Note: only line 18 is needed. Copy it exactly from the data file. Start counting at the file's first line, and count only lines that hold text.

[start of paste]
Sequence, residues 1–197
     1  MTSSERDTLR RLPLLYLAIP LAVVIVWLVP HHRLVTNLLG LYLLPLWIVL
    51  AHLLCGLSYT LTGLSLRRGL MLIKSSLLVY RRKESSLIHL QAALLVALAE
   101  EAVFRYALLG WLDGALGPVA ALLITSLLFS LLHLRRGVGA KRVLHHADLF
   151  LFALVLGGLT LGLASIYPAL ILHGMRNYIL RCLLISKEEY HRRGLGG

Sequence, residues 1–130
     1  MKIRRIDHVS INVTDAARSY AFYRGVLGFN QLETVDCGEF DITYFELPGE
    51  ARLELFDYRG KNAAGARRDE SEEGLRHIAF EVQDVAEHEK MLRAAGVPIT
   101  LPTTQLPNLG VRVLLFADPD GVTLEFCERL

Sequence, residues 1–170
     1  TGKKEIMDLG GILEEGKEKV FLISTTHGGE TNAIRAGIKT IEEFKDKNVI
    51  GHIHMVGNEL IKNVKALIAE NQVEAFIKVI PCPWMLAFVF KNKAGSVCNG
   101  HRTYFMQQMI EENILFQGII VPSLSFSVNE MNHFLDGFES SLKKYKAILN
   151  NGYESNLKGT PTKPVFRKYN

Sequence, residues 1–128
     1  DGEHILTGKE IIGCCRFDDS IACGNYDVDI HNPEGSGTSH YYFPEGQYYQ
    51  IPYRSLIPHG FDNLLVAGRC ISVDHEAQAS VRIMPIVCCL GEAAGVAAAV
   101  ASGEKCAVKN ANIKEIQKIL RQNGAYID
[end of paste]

   101  ASGEKCAVKN ANIKEIQKIL RQNGAYID